This article explores the differences between Medigap vs Medicare Advantage, and includes options for both.
Medigap vs Medicare Advantage
Original Medicare (Part A and Part B) will cover many of your doctor and hospital costs. However, Medicare Part A and Part B has coverage gaps. Generally, Original Medicare will only pay about 80% of your Medicare related hospital and doctor bills. This leaves you responsible to pay the remaining 20%. These costs include copayments, coinsurance, deductibles, etc. that you are responsible for paying. This 20% is known as the Coverage Gap. It’s difficult to predict how much out-of-pocket costs will be, so many retirees choose to purchase additional insurance to cover this gap.
It’s important to compare Medigap vs Medicare Advantage to consider your options when choosing the right plan for your specific needs. If you are enrolled in Medicare Part A and Part B you can purchase a Medigap plan or a Medicare Advantage plan. But note that if you decide to sign up for Medicare Advantage (Part C) plan, you cannot sign up for Medigap, and vice-versa.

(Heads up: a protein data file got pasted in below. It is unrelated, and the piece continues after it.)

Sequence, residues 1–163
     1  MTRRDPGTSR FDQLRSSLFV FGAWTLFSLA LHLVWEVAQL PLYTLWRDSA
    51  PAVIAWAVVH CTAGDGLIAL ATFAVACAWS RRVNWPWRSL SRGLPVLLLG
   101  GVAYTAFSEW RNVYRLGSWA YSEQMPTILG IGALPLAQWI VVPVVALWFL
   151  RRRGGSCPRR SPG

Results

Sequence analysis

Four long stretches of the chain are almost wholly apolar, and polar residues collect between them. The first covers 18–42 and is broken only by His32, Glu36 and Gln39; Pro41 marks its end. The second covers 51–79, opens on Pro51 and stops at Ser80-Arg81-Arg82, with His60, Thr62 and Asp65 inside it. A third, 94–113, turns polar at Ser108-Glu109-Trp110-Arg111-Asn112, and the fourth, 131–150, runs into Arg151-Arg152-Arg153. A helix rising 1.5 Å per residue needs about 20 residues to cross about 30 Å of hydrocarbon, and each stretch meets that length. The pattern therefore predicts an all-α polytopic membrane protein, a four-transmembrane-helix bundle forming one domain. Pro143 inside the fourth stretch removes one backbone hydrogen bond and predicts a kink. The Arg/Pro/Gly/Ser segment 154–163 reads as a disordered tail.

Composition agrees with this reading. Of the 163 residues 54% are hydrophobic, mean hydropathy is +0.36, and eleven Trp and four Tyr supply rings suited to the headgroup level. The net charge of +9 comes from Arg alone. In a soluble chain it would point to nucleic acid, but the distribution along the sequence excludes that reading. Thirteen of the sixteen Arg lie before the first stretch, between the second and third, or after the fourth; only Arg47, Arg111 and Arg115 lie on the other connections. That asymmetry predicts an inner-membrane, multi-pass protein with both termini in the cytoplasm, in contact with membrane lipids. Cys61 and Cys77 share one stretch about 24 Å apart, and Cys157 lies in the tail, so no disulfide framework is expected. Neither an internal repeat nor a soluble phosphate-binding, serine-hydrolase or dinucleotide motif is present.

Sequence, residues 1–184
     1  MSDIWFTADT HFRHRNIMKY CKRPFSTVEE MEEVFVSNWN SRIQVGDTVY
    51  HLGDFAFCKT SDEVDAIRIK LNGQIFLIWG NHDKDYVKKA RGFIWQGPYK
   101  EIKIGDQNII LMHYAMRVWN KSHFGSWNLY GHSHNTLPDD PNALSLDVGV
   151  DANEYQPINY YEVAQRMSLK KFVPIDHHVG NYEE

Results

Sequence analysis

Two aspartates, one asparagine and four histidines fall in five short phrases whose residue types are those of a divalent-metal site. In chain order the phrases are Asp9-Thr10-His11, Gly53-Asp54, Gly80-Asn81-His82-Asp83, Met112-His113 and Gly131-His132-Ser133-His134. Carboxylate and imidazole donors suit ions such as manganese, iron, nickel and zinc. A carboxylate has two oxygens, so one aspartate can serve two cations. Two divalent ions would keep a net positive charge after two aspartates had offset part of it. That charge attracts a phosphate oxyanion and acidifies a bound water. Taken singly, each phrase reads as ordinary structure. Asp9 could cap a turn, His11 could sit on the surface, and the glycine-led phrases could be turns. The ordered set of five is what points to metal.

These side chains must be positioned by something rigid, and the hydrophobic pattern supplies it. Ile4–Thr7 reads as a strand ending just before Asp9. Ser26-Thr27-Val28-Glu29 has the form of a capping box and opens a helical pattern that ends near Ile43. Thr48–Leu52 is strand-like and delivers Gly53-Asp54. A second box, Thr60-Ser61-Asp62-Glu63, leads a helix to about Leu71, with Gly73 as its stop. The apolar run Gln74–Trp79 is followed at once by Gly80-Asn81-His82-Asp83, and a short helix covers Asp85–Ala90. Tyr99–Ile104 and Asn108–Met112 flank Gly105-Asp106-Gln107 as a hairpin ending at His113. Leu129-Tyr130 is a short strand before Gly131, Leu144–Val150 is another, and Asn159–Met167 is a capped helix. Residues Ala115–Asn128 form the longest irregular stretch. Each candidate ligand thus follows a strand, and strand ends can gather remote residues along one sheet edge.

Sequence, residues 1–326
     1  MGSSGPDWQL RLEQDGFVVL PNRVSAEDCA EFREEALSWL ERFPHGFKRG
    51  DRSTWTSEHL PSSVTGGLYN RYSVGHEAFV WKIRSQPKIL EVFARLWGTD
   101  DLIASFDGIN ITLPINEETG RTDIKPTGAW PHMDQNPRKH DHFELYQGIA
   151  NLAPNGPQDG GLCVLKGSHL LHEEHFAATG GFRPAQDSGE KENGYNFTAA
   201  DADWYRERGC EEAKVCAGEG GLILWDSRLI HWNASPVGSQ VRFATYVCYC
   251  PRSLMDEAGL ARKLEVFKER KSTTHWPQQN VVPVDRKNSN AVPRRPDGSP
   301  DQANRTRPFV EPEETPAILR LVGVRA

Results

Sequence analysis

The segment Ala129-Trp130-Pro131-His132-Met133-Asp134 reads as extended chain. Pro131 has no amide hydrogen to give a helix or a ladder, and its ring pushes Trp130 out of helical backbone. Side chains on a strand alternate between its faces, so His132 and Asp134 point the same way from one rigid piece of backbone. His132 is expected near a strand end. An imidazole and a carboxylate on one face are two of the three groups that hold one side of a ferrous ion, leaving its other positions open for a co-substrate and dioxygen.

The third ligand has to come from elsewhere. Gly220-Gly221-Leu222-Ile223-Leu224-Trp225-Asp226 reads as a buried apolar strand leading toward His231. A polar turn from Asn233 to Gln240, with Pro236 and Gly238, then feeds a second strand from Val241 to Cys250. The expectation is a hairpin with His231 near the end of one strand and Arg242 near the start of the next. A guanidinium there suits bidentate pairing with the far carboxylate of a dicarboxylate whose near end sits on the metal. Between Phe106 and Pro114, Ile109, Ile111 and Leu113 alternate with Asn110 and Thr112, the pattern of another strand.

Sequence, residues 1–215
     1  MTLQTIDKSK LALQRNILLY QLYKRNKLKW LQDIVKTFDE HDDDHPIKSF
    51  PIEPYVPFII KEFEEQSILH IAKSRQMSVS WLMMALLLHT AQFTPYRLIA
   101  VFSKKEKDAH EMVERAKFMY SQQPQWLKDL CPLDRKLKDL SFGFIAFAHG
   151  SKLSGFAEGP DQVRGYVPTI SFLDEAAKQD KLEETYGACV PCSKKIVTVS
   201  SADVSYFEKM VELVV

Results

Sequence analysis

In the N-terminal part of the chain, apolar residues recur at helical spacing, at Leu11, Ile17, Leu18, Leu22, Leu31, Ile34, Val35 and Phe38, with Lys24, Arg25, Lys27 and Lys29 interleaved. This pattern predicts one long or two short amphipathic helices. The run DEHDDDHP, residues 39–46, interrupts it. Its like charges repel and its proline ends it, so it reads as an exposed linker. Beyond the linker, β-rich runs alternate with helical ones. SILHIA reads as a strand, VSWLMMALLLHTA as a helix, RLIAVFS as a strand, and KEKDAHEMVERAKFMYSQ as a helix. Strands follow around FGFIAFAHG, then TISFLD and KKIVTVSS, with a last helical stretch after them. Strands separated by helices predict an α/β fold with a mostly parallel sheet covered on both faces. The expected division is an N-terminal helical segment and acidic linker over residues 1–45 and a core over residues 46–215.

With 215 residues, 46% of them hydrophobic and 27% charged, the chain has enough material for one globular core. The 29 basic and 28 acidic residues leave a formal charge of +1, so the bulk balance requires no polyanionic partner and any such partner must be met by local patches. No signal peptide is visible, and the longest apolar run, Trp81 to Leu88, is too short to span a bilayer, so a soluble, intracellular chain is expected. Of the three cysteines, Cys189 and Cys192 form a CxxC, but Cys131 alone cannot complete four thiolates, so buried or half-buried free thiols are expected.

What is Medigap?
Medigap is private health insurance also known as Medicare Supplement. A Medigap policy can help pay for some of the costs that aren’t covered by Original Medicare. This includes copayments, coinsurance, and deductibles. Medigap Insurance may also cover the cost of health care while traveling outside the United States.
Example: After a brief stay in the hospital Bob receives a medical bill for $10,000. Bob’s Original Medicare (Part A and Part B) pays the hospital $8,000 or 80% of the bill. Because Bob has Medigap coverage he will not have to pay anything out of pocket toward this bill. Bob’s Medigap plan will pay the remaining $2,000 or 20%.